We must, however, look at the bigger picture, and at how we can prevent and facilitate the management of similar situations in the future. Trails are an excellent tool, as they facilitate access to remote, densely wooded areas. Their constant care and maintenance, so that they can ultimately function – and – as fire zones at the critical moment, is crucial.
Frequented paths are also an excellent prevention tool, as they contribute to the detection of dangerous piles of concentrated waste or other combustible material, cables neighboring trees, or illegal activities that cause sparks. Moreover, walking paths can prevent malicious arson plans, as the frequent movement of hikers discourages such preparations.
On our front, we are working towards enabling hikers to be more informed as well as active allies of the forest and specialized civil protection services which are chronically suffering from a severe lack of staff and budget. By using the dedicated websites and applications for the paths available, they can immediately inform the competent management organization of the respective path on which they are walking about any dangerous points crossed, requesting the appropriate intervention.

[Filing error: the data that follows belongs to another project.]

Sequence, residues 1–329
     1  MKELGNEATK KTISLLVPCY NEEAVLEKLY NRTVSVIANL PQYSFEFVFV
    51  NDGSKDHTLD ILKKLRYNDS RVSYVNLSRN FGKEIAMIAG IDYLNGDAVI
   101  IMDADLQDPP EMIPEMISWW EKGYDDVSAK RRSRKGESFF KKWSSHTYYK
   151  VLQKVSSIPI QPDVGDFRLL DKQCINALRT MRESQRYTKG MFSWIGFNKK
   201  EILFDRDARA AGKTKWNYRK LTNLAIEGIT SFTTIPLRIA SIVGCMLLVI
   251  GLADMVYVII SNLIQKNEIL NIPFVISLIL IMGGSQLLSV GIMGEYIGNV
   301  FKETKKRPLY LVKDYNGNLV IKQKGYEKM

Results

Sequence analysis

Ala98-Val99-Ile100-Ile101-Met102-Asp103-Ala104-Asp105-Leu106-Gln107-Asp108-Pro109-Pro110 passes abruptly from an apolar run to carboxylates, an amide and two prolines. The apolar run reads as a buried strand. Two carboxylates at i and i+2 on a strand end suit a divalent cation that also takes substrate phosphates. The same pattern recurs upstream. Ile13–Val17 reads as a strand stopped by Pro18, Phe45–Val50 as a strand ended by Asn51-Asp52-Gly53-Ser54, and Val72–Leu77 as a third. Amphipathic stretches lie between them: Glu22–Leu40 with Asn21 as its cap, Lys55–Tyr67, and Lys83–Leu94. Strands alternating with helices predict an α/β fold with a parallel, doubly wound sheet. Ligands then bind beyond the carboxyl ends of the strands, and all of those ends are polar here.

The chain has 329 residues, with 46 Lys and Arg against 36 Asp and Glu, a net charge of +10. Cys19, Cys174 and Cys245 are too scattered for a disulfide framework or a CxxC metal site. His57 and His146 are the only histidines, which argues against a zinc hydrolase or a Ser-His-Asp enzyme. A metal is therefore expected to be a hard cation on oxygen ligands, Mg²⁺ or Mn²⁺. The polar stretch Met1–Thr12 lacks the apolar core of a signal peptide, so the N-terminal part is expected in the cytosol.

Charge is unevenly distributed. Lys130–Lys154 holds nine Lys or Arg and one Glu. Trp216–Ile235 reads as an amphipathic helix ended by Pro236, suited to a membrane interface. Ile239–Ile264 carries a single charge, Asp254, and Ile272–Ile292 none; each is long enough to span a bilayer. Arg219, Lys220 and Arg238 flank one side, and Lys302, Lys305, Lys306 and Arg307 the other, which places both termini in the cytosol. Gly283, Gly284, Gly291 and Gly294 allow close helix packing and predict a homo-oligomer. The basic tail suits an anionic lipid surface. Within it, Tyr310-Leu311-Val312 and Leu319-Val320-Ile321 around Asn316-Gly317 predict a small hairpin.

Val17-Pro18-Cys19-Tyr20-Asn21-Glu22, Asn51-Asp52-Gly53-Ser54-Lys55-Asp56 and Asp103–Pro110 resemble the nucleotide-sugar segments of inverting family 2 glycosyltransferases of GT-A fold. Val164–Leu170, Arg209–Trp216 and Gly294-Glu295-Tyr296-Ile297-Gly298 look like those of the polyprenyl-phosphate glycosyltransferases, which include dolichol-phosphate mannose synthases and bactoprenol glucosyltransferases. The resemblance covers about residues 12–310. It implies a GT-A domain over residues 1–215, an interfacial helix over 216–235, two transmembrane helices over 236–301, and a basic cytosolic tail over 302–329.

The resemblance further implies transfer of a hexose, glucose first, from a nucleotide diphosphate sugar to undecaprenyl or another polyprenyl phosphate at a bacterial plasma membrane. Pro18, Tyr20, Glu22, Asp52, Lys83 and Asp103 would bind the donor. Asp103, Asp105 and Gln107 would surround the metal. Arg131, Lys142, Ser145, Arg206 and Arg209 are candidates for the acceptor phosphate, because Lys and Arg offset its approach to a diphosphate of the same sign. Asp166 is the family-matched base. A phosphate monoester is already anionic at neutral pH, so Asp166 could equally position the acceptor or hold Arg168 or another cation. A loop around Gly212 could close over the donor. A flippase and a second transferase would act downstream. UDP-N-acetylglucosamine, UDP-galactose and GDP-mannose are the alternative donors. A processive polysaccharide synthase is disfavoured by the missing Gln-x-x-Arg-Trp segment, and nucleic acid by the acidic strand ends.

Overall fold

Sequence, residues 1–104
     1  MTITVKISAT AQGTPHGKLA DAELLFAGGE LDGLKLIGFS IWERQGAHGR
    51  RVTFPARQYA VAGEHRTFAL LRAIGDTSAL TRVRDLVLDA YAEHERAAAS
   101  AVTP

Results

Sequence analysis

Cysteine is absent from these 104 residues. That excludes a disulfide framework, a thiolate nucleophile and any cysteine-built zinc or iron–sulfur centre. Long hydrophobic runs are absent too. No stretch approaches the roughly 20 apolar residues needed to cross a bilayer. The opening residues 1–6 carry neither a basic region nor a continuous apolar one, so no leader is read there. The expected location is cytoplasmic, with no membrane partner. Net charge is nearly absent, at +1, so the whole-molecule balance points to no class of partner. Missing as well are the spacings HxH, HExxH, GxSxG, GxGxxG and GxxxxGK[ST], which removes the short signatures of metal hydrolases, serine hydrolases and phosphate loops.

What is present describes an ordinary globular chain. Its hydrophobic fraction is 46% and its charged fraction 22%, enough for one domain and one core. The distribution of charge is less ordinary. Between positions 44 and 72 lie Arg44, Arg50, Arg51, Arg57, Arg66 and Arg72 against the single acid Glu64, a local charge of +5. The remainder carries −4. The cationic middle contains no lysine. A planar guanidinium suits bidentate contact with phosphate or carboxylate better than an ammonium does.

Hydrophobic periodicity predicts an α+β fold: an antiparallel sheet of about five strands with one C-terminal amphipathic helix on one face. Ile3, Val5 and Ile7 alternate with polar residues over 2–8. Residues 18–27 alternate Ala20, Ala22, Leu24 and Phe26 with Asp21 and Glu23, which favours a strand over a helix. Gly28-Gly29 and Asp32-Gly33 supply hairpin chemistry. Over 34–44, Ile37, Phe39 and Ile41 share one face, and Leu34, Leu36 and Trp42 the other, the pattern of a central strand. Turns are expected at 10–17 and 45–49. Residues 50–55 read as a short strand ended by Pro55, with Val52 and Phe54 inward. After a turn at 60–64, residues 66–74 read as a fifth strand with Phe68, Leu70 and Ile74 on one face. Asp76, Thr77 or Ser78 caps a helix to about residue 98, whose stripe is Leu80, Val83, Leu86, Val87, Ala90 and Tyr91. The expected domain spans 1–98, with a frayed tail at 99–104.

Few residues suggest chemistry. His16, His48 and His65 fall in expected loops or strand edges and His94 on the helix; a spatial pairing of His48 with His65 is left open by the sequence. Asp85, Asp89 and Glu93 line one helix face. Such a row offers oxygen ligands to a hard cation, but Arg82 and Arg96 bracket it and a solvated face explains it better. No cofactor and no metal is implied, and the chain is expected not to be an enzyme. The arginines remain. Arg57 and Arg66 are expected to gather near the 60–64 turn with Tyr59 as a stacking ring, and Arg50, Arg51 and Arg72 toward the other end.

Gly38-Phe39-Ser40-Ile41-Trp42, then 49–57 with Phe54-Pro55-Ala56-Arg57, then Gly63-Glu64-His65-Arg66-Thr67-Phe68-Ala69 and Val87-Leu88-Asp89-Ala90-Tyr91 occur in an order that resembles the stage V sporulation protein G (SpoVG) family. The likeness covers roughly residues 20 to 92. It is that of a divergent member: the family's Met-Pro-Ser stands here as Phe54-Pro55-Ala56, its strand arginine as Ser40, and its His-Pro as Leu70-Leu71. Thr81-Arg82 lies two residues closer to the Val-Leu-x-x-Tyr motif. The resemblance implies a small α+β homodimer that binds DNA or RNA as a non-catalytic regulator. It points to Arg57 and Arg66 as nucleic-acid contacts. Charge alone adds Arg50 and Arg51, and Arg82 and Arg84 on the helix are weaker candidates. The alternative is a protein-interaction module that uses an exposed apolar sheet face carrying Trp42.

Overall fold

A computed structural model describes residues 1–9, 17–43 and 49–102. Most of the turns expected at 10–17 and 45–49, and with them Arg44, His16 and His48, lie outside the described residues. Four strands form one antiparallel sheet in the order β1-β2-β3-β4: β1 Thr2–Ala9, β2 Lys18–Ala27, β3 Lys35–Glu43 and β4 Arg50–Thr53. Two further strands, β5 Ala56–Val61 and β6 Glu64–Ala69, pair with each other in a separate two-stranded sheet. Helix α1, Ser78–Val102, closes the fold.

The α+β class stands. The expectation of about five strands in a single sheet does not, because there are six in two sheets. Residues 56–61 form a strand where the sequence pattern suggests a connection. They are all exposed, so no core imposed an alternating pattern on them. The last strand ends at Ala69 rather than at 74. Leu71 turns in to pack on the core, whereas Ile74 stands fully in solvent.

And finally… awareness!!! Citizens who hike and enjoy excursions and activities in the countryside, who are in contact with nature, and do not see it as something dangerous and remote from them, but as an element continuing and complementing themselves, their daily life and their well-being, will be less indifferent, and will push the authorities to adopt the necessary measures and policies so that scenes like the ones that made our hearts dark this summer are kept to the minimum possible.